Questions without Notice – Nuclear Power
16 August 2007
Mr ALBANESE (2.29 p.m.)—My question is to the Prime Minister and I refer to his earlier answer that ‘nuclear power has to be part of the solution’. I refer the Prime Minister to the official website of the member for Gilmore, which contained two contradictory petitions: one supports the establishment of a nuclear power plant and, in the second one, Joanna Gash says ‘no nuclear power plants for Gilmore’. Does this attempt by the member for Gilmore to both support and oppose nuclear reactors explain why the government is yet to introduce the legislation outlined by the Prime Minister on 28 April to repeal the ban on nuclear reactors in Australia? Prime Minister, where will your 25 nuclear reactors go and why shouldn’t the Australian people get a say in whether or not they go into their local communities?
The SPEAKER—Order! In calling the Prime Minister, I would inform the Prime Minister that he is not required to comment on another member’s views.
Mr HOWARD—The member for Gilmore is a magnificent representative. What is more, she lets her people speak—and her people speak very warmly of her representation. I just assure the member for Grayndler that I am quite certain the Australian people will have plenty of opportunity to express their views about nuclear power on a number of occasions in the future.
But, while we are talking about nuclear power, I just happen to have come across a bit of paper, marked confidential, which is Professor Ross Garnaut’s speech ‘China’s Economic Growth and the World Energy Balance’—uranium, energy et cetera. A question to Professor Garnaut reads:
Ross, as China and India expand their energy needs, do you think, given the dangers inherent in relying too heavily on fossil fuel, that Australia has a moral imperative to sell uranium to—you know—large quantities to those two countries?
He is instructive on that, then goes on to dwell on another matter and then says:
Well, I think we’ve all got imperatives, moral and otherwise, to address greenhouse issues seriously. Uranium is part of the alternative to fossil fuels and I think we’ve got to think about these issues rationally.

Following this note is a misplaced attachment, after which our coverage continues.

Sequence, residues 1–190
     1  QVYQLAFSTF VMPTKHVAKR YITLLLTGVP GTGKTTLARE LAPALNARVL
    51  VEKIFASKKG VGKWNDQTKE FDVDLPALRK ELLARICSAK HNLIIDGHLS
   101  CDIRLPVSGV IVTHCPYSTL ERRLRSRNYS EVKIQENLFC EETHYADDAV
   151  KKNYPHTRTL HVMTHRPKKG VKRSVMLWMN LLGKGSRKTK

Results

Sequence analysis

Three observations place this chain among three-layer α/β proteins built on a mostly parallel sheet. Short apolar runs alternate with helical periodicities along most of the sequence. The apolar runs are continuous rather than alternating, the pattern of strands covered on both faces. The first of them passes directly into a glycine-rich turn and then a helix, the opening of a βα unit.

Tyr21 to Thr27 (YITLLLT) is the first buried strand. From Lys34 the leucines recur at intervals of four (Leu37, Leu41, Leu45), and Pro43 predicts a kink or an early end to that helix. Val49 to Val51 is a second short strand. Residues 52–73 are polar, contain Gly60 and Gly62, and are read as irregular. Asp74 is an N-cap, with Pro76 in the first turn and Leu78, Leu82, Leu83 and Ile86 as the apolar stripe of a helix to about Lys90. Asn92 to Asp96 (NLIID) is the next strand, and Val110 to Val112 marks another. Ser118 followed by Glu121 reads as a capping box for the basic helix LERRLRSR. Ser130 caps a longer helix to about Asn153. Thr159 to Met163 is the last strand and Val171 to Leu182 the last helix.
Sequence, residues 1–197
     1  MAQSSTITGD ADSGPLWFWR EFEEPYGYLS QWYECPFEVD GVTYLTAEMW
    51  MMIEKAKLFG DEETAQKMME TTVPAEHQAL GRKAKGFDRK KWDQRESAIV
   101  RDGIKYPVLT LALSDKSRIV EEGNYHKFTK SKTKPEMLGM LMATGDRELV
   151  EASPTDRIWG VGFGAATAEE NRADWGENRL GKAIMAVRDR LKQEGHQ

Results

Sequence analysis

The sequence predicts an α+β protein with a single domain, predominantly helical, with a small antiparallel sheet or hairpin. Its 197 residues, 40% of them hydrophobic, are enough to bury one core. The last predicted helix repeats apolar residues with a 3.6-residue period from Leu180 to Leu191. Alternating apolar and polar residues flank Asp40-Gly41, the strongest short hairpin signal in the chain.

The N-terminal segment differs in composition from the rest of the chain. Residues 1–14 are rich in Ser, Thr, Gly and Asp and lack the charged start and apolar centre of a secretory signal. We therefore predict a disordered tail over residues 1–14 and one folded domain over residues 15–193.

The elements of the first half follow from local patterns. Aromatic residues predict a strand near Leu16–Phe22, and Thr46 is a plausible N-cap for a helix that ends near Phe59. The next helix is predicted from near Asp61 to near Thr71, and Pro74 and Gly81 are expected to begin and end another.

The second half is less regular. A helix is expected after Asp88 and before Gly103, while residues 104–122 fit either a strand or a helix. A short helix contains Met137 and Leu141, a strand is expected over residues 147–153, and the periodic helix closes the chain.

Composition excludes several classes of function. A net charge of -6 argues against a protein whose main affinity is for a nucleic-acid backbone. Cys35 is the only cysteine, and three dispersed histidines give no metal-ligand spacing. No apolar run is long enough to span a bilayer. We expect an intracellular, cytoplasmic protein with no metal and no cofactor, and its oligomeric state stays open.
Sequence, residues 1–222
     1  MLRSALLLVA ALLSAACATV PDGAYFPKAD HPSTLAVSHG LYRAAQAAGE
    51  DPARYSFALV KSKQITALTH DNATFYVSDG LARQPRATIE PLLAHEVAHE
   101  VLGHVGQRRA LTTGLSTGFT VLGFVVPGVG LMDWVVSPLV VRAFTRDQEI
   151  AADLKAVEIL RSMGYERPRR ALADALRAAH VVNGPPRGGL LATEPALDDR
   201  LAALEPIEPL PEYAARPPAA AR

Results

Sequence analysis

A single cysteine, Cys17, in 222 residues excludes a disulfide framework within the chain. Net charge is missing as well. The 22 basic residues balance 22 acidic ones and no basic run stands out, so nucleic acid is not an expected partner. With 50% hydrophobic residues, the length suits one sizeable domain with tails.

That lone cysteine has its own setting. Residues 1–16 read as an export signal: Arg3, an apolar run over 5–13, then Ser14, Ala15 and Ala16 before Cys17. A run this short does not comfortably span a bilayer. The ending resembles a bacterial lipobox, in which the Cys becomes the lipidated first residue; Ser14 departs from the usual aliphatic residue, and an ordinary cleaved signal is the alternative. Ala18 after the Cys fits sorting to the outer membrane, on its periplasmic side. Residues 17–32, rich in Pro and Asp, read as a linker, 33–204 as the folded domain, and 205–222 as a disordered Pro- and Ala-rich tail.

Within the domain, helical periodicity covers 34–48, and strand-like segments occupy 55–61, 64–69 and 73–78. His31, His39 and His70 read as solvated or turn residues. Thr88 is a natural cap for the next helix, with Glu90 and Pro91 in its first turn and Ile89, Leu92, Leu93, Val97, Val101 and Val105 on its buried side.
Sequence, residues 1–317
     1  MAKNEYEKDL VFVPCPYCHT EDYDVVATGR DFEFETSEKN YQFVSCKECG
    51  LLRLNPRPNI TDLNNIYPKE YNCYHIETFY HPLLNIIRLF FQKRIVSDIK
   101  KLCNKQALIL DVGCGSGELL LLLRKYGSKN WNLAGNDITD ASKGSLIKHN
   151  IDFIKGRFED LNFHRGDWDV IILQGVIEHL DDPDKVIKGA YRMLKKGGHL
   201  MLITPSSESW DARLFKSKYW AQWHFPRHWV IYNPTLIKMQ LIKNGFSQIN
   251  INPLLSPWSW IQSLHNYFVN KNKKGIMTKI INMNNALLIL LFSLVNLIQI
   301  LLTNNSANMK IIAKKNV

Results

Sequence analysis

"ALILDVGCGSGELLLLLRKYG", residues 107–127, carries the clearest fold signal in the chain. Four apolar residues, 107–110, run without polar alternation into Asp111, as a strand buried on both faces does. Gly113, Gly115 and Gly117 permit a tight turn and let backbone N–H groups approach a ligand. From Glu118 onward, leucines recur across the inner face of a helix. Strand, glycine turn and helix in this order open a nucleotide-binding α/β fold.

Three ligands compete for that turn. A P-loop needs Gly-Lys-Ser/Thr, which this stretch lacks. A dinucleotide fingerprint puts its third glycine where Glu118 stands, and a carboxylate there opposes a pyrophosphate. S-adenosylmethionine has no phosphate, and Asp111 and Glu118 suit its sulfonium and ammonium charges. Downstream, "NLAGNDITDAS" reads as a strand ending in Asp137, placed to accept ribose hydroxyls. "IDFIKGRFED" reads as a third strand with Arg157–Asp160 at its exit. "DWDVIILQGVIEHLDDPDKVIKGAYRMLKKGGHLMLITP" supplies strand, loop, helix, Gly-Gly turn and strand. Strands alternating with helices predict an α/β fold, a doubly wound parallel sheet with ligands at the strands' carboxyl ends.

Can I say to the member for Grayndler, who puts himself forward as a serious member of the opposition interested—
Government members interjecting—
Mr HOWARD—Doesn’t he? Do I do him an injustice? No, I do not do him an injustice. He does put himself seriously forward. If you want to be treated seriously, you have to consider all of the alternatives. It is a denial of reality to pretend that you can have a comprehensive approach to the issue of global warming without considering at least the possibility that, when economic circumstances have altered sufficiently, nuclear power becomes part of the solution.
We, as a government, are not going to indicate that a nuclear power station will go in one location or another. The Labor Party has spent all of this year trying to kid the Australian public that it believes in the market. If it really believes in the market, it must understand that decisions as to where nuclear power plants might be located in the future will not be decisions of the government; they will be decisions of commercial investment. Therefore, whether they are located in the magnificent Municipality of Randwick, the Shire of Shoalhaven, the Municipality of Waverley, the City of Ryde or, indeed, wherever you might go, it will be a matter of commercial decision making and not a decision of the government.